21 Jan 2014 : Column WA93

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Written Answers

Tuesday 21 January 2014

Abortion

Question

Asked by Lord Lester of Herne Hill

To ask Her Majesty’s Government whether they intend to give effect to United Nation Resolution 2122 in relation to access to safe abortions for women raped in conflict.[HL4460]

The Senior Minister of State, Department for Communities and Local Government & Foreign and Commonwealth Office (Baroness Warsi) (Con): The UK welcomes the UN Security Council’s focus on improving access to sexual and reproductive health. In light of the recent resolution 2122, we have reviewed the UK policy position on safe and unsafe abortion and clarified within it our view of abortion and international humanitarian law principles: where abortion is permitted, UK aid can be used for activities to improve the quality, safety and accessibility of abortion services. In conflict situations where denial of abortion would threaten the woman’s or girl’s life, international humanitarian law principles may justify offering an abortion rather than perpetuating what amounts to inhuman or degrading treatment. Clearly this will depend on the woman’s choice, her condition and the safety and security of the humanitarian staff, as well as other contextual factors.

Agroforestry

Questions

Asked by Baroness Miller of Chilthorne Domer

To ask Her Majesty’s Government whether they have assessed the benefits of agricultural systems, generally known as agroforestry, which integrate trees, crops and livestock on the same area of land.[HL4432]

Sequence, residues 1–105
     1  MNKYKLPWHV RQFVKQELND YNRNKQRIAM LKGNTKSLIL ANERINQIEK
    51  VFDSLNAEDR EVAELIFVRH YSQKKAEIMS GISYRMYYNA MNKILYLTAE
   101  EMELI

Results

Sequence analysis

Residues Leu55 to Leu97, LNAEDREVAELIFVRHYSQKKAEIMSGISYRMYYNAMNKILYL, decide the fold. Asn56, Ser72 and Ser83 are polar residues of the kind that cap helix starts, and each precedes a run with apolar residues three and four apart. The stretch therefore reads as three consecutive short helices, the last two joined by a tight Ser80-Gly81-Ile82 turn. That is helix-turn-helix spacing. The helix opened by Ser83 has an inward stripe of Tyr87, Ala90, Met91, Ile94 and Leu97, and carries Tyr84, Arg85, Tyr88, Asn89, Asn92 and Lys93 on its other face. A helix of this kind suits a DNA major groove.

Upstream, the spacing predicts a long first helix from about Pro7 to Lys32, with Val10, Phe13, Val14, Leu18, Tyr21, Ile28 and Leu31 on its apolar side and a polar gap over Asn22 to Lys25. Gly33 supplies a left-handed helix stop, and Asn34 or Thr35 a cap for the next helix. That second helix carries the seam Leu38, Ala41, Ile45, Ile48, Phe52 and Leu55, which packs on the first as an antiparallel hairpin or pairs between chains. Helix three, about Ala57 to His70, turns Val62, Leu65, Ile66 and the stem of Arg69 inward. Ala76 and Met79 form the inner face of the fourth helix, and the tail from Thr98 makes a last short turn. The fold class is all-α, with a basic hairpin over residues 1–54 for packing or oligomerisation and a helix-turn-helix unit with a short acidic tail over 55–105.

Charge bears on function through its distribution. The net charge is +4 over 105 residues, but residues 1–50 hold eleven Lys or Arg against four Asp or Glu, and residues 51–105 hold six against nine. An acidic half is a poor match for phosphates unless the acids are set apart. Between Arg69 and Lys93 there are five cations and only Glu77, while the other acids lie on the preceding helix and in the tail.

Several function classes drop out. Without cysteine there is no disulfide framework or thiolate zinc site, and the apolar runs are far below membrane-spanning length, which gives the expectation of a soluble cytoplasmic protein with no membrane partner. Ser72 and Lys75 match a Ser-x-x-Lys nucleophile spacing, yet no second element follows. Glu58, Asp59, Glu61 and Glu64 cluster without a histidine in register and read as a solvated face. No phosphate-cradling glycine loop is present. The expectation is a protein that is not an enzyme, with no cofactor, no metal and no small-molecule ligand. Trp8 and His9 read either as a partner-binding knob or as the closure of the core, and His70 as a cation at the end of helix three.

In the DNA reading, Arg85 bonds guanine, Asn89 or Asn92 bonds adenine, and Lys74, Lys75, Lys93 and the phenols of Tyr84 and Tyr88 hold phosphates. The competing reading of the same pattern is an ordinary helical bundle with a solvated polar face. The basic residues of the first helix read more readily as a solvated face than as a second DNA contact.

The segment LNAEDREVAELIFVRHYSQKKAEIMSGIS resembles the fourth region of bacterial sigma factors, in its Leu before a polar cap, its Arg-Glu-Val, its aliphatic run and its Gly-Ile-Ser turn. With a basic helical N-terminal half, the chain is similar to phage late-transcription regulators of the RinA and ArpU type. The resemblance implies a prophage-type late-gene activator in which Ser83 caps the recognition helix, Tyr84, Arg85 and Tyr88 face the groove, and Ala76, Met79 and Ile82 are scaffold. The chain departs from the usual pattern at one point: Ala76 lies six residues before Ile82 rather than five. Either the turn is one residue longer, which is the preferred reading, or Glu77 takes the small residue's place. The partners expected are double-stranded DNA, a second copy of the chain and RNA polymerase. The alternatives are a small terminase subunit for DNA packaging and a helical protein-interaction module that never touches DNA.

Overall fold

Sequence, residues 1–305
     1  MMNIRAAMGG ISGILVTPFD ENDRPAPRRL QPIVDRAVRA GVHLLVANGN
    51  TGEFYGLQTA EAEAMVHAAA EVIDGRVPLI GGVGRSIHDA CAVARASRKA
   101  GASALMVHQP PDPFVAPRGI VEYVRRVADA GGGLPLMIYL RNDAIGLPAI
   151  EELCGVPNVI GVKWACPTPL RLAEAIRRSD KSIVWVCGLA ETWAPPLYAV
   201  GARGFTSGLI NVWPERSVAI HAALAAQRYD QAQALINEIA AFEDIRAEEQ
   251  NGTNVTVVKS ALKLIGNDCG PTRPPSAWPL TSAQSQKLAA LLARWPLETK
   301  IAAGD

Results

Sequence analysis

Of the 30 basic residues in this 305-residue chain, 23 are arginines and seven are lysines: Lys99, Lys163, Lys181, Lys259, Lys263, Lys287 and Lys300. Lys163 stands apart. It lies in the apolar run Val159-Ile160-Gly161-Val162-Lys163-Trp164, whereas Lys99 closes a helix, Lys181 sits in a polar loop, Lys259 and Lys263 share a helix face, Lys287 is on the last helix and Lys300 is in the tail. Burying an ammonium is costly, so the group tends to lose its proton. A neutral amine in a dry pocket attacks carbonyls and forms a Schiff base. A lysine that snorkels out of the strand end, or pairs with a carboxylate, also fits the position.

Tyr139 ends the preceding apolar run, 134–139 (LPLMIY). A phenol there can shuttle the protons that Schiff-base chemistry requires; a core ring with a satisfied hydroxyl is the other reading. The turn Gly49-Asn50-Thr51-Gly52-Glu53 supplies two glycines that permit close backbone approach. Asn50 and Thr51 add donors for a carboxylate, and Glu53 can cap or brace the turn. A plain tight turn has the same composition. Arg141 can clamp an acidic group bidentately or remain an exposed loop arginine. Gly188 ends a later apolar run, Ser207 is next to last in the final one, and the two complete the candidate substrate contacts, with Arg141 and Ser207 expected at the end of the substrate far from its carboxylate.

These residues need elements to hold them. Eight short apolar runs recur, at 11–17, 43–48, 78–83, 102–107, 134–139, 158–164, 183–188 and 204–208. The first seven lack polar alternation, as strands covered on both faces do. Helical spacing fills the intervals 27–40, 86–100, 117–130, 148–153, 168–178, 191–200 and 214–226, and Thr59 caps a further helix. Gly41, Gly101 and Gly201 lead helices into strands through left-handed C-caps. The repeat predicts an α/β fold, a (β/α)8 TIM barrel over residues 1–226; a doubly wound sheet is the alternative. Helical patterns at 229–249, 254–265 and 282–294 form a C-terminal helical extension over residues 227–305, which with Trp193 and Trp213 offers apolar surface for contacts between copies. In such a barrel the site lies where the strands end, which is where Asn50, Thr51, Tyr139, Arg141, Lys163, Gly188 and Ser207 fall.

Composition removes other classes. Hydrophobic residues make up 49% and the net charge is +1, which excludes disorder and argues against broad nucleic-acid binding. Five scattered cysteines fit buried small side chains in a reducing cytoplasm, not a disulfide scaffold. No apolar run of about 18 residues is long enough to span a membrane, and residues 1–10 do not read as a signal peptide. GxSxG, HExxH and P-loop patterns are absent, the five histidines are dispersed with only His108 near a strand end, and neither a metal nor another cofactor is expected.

The Parliamentary Under-Secretary of State, Department for Environment, Food and Rural Affairs (Lord De Mauley) (Con): In 2012 Natural England commissioned the Organic Research Centre and Abacus Organic Associates to consider the potential benefits of AgroForestry and any need for support under the RDPE. Their report: CanAgroforestry Deliver Production and Environmental Benefits in the Next Rural Development Programme?, is due to be published soon.

Asked by Baroness Miller of Chilthorne Domer

To ask Her Majesty’s Government whether the reformed Common Agricultural Policy offers the opportunity to support agroforestry under Pillars 1 and 2; and, if so, under which Pillar they intend to support it.[HL4433]

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Lord De Mauley: There is no explicit support for agroforestry practices under pillar 1 direct payments. However, land that is managed under agroforestry may be eligible for direct payments under pillar 1, provided it meets the land eligibility requirements.

The Rural Development Regulation which governs the next programme provides for an agroforestry measure. Defra does not propose to take up this option in England. However, land that is managed as part of an agroforestry system may be eligible for support through the new environmental land management scheme.